by Mary Ann Todzia
If we check Wikipedia for the definition of “volunteering,” we will find the answer as follows:
Volunteering is generally considered an altruistic activity and is intended to promote goodness or improve quality of life. In return, this activity can produce a feeling of self-worth and respect. There is no financial gain involved for the individual.
Many are doubtful about volunteering, partially due to the possibility of having to make “too much” of a commitment. Some may feel they don’t have the skillset needed. Others might imagine all is well because we already have bodies in place.
The volunteers you see in all areas of life are there because they have a special heart and a silence within which allows the call of God to be heard. They are no more special than each and every one of us, except for the willingness to give it a try. One could say a quality needed would be to reach out and put any reservation in the hands of God. This is an area where your faith comes into play. How much do you believe? If God is calling, He is giving you an opportunity to experience a wonderful journey, one which can expand the skills you have and help you gain even more. He will guide us and give us the strength needed.
Not Always a Smooth Path
In return, the most exuberant feeling develops. You are working for God and for your brothers and sisters. Isn’t that what we are supposed to do? Maybe you will experience times when things do not go so smoothly; that’s when God’s testing you. He’s asking you, “How strong are you?” and “How much do you love Me?”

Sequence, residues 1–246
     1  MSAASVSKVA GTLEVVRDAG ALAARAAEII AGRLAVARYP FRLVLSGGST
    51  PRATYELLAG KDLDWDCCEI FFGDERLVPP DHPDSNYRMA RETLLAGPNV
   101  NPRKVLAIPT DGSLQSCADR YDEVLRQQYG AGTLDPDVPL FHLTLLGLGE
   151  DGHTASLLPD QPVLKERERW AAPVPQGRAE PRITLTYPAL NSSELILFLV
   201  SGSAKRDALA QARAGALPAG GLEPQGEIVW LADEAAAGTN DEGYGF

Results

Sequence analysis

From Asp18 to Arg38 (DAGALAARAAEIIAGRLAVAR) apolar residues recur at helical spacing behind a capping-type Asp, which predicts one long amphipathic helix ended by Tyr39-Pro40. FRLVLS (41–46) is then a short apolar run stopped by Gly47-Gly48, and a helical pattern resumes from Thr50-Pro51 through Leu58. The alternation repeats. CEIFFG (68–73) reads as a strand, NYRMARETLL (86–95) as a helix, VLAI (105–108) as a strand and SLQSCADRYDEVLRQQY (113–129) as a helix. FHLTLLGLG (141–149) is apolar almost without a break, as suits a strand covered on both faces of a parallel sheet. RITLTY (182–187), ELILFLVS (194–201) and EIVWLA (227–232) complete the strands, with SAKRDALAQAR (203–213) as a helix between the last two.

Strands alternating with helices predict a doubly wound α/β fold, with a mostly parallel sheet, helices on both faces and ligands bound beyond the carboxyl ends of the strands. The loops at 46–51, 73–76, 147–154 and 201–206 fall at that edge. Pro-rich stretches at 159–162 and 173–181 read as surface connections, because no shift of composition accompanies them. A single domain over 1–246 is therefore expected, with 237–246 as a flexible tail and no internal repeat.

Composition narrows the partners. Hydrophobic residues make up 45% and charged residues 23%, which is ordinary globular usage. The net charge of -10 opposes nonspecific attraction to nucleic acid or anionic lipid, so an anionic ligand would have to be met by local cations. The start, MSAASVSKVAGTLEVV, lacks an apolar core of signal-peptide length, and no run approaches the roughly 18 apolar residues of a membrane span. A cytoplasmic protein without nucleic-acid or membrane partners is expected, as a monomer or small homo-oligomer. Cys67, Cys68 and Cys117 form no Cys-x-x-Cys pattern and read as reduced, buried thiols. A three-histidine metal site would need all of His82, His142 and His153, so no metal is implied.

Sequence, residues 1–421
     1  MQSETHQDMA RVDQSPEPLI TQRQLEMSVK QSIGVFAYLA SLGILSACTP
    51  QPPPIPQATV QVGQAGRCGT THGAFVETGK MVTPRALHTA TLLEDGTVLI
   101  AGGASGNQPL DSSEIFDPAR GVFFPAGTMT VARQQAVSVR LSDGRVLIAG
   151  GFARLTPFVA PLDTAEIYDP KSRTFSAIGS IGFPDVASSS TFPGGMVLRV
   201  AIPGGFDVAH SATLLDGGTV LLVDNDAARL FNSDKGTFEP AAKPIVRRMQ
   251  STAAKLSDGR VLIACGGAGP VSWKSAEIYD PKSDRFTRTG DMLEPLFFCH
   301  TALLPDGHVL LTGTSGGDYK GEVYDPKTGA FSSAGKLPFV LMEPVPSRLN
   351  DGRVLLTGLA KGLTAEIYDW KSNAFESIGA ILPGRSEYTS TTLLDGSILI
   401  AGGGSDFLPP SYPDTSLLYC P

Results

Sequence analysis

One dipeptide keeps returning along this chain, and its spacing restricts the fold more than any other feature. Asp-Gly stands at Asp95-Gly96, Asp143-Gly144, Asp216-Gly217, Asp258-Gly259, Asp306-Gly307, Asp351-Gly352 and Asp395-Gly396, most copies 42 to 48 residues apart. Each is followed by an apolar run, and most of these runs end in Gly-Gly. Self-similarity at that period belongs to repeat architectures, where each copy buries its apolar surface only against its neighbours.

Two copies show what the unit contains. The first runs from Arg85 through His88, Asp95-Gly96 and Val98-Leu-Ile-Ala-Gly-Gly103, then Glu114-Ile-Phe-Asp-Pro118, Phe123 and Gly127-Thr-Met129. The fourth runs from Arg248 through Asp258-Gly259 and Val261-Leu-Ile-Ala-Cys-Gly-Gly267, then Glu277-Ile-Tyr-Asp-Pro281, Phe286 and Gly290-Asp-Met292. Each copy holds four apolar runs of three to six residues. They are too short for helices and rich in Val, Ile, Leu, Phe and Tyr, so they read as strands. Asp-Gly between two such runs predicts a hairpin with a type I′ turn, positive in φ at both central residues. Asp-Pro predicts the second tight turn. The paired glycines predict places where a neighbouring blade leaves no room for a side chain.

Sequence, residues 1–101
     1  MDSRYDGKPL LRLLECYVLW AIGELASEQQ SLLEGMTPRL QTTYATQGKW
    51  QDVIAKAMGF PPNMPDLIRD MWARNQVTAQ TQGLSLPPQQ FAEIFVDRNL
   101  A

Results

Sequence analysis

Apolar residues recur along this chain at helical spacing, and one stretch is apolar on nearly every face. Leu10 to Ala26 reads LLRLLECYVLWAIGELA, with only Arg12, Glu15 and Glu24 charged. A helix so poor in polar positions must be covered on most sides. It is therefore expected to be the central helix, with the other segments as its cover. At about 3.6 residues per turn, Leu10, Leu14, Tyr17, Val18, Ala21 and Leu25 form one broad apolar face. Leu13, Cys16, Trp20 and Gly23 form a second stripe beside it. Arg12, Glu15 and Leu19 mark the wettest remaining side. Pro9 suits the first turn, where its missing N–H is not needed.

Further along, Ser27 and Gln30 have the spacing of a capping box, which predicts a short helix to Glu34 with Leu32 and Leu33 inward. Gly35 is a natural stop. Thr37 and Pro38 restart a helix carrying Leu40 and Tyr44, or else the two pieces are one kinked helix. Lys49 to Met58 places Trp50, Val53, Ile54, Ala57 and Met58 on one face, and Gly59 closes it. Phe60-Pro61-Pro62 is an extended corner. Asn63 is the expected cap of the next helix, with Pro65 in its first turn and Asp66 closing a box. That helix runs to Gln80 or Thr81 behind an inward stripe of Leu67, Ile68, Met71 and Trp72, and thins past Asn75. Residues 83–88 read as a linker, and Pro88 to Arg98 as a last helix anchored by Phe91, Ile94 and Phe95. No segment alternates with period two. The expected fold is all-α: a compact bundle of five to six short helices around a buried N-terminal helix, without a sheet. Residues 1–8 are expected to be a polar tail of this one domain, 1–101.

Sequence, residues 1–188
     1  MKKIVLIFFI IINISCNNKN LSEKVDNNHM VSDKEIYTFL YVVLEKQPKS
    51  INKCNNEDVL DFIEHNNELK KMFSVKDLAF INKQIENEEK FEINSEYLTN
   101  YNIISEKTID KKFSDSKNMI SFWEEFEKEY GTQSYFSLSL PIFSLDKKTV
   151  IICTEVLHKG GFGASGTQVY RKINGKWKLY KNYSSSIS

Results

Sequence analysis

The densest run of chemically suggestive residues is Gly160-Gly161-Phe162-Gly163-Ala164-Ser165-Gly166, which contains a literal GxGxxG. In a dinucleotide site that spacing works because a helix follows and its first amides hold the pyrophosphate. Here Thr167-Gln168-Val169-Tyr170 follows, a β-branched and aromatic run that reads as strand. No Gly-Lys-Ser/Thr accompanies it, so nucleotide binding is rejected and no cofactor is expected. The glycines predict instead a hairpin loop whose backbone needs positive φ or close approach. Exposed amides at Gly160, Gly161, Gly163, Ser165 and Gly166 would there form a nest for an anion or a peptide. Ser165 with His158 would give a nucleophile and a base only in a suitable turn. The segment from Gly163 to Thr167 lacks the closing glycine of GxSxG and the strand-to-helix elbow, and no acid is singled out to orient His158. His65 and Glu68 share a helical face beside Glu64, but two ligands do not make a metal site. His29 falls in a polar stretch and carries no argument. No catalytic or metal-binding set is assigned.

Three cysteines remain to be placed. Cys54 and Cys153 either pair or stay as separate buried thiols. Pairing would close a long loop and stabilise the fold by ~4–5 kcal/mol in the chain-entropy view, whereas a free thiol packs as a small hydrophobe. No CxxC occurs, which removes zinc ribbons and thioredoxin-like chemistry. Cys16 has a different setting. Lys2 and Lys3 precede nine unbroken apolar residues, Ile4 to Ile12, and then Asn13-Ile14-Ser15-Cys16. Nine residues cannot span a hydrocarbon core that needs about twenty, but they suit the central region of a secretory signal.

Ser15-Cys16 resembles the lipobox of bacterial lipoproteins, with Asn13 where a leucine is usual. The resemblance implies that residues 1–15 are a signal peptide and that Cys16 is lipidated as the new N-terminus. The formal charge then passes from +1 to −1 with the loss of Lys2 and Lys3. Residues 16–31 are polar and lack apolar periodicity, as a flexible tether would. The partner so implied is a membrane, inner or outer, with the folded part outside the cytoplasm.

This weekend, we celebrate Lay Ministry Sunday. Let us remember all of the wonderful volunteers serving in our parishes. There are numerous ways in which they serve. From our sports coaches, lectors, extraordinary ministers of Holy Communion, welcome hostesses, moms and dads sitting at entrances of sport games every weekend, catechists, choirs and leaders, scouts, youth ministers, teachers, church decorators (the Christmas mouse doesn’t come out to do this), ministry leaders and the list continues. Without their service and talents, we would not have the many programs and vibrant parishes in existence. Some are there for a reason, a season or a lifetime. They are the Body of the Church, and Christ is the head.
May we remember to keep in our prayers all of our volunteers everywhere – past, present and future – as the Church needs these special people of God. Please remember to say a heartfelt “Thank you,” as they probably don’t hear it as often as they should.
May God continue to strengthen and call us. In Jesus’ words, “Come, follow me.”[hr] Mary Ann Todzia is a graduate of the Pastoral Institute’s Lay Leadership Program. She was commissioned in May, 2012, and serves as coordinator of Matthew’s Mission, an evangelization ministry at Transfiguration and St. Stanislaus Kostka parishes, Maspeth.